This week’s prompt is less of a prompt and more of an invitation to check out this book on poetic structure published by the Teachers & Writers Collaborative. Structure & Surprise: Engaging Poetic Turns is a collection of essays by noteworthy poets like D.A. Powell and Prageeta Sharma, which discusses the use of “the turn” in poetry writing; that is, the energetic leap or shift that occurs as the mind works through form to create dynamic patterns of thought. In his introduction to the essays, Michael Theune says:
Poetic structure is, simply, the pattern of a poem’s turning. As such, poetic structure identifies a vital feature of poems: the best poems very often include convincing, surprising turns… [I]n a lecture called “Levels and Opposites: Structure in Poetry,” Randall Jarrell claims that “a successful poem starts from one position and ends at a very different one, often a contradictory or opposite one; yet there has been no break in the unity of the poem.”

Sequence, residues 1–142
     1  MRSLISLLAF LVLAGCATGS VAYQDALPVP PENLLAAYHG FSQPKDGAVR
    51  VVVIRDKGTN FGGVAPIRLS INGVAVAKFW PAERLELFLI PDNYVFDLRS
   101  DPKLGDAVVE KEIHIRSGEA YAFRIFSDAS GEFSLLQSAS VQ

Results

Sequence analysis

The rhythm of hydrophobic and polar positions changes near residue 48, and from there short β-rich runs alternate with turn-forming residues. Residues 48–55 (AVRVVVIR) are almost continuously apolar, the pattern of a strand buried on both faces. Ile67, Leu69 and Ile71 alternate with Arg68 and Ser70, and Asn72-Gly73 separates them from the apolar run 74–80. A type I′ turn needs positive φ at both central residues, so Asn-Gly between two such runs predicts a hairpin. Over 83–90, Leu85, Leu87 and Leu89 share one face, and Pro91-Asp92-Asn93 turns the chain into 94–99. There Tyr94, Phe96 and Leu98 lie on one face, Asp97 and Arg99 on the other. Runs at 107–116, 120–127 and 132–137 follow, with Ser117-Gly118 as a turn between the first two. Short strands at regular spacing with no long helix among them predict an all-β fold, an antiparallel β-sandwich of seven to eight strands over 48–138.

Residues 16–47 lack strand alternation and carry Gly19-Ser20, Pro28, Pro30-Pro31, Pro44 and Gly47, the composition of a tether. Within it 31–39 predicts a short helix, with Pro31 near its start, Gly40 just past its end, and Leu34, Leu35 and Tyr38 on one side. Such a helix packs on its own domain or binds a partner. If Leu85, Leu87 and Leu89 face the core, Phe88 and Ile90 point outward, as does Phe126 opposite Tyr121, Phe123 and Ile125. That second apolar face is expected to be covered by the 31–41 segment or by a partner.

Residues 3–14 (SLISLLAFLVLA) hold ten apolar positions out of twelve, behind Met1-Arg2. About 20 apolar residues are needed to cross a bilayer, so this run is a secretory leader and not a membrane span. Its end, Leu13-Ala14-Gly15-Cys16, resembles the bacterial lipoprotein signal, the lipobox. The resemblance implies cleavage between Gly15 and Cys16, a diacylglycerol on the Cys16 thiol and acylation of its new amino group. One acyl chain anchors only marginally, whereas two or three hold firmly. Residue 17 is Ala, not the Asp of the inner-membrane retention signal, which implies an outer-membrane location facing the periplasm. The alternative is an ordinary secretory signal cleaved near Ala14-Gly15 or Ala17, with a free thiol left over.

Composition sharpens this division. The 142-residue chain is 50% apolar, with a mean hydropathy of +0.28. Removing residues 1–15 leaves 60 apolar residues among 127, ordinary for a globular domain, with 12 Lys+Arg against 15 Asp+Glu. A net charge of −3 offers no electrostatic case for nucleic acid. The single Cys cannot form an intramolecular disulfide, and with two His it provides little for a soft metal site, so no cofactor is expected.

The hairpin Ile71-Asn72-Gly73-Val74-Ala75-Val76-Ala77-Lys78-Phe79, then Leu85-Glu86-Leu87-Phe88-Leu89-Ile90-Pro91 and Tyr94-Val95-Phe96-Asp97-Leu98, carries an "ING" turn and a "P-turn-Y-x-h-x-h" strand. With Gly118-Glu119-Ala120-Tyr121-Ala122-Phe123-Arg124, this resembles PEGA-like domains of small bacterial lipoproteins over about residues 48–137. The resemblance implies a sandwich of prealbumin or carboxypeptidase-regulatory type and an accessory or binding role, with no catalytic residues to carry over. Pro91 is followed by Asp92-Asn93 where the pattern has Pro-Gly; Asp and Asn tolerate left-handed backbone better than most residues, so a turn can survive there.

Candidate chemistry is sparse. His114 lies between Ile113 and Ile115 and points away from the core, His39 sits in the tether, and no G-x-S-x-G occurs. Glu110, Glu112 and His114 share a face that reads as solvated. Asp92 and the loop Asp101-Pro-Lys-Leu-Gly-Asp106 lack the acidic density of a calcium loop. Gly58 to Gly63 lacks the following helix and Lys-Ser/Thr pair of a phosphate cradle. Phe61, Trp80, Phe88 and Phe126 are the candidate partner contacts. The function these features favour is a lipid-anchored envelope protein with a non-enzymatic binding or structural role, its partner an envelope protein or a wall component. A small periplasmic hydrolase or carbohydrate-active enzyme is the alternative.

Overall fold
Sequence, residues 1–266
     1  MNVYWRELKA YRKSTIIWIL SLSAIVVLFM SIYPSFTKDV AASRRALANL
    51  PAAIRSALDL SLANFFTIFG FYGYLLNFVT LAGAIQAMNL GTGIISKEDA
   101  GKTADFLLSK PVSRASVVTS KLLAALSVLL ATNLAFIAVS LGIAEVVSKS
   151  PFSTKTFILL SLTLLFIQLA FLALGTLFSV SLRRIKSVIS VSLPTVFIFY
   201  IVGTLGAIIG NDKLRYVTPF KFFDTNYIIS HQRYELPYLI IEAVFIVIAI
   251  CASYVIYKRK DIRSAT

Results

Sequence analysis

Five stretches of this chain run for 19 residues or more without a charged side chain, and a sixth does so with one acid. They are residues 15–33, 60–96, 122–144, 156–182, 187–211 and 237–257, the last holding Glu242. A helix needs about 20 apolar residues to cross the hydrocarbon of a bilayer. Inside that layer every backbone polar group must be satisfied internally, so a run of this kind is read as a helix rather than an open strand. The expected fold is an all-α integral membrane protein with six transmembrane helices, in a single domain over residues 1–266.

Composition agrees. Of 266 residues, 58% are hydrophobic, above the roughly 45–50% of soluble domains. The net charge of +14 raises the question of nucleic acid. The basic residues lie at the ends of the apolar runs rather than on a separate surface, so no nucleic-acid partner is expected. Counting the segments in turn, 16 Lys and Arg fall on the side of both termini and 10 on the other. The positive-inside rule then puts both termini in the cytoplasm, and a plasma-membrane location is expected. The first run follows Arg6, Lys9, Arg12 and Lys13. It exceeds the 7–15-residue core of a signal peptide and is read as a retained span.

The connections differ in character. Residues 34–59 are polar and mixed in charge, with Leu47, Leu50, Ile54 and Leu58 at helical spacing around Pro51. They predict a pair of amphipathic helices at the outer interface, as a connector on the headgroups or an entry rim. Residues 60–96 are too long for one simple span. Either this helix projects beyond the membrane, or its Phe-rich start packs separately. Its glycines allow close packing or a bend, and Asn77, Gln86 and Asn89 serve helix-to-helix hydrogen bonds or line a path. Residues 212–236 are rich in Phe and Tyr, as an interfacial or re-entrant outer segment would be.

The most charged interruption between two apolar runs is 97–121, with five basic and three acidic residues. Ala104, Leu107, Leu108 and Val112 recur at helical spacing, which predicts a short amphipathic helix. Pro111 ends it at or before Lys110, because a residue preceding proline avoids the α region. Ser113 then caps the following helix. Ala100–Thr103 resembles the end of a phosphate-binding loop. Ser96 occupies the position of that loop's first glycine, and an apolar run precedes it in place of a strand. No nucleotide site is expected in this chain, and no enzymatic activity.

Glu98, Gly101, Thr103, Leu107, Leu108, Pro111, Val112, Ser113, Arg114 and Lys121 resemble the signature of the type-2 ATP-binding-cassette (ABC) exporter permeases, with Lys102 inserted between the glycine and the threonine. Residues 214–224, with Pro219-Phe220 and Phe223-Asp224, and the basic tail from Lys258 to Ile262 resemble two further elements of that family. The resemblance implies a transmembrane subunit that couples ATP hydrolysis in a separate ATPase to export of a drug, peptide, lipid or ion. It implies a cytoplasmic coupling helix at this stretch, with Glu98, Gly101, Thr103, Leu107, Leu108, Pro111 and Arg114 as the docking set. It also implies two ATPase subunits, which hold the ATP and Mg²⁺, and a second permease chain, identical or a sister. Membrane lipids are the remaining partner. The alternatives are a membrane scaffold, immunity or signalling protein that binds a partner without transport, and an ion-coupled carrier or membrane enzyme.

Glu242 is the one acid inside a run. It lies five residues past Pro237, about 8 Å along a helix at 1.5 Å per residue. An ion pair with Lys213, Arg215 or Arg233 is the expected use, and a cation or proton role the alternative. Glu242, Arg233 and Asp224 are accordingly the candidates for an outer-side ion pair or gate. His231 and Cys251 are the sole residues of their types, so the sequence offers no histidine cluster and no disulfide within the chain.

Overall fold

One of the structures discussed in Structure & Surprise is the retrospective-prospective structure, a two-part structure that begins with a retrospective discussion of the past and then moves toward a future orientation that shows, as the essay’s author, Mark Yakich, puts it, how “inconstant and dizzying” time really is. While you’re welcome to browse the list of structures on the book’s extraordinarily helpful website to find one that might work better for whichever writing/revision process you’re currently in, I’d recommend trying this particular approach for starters.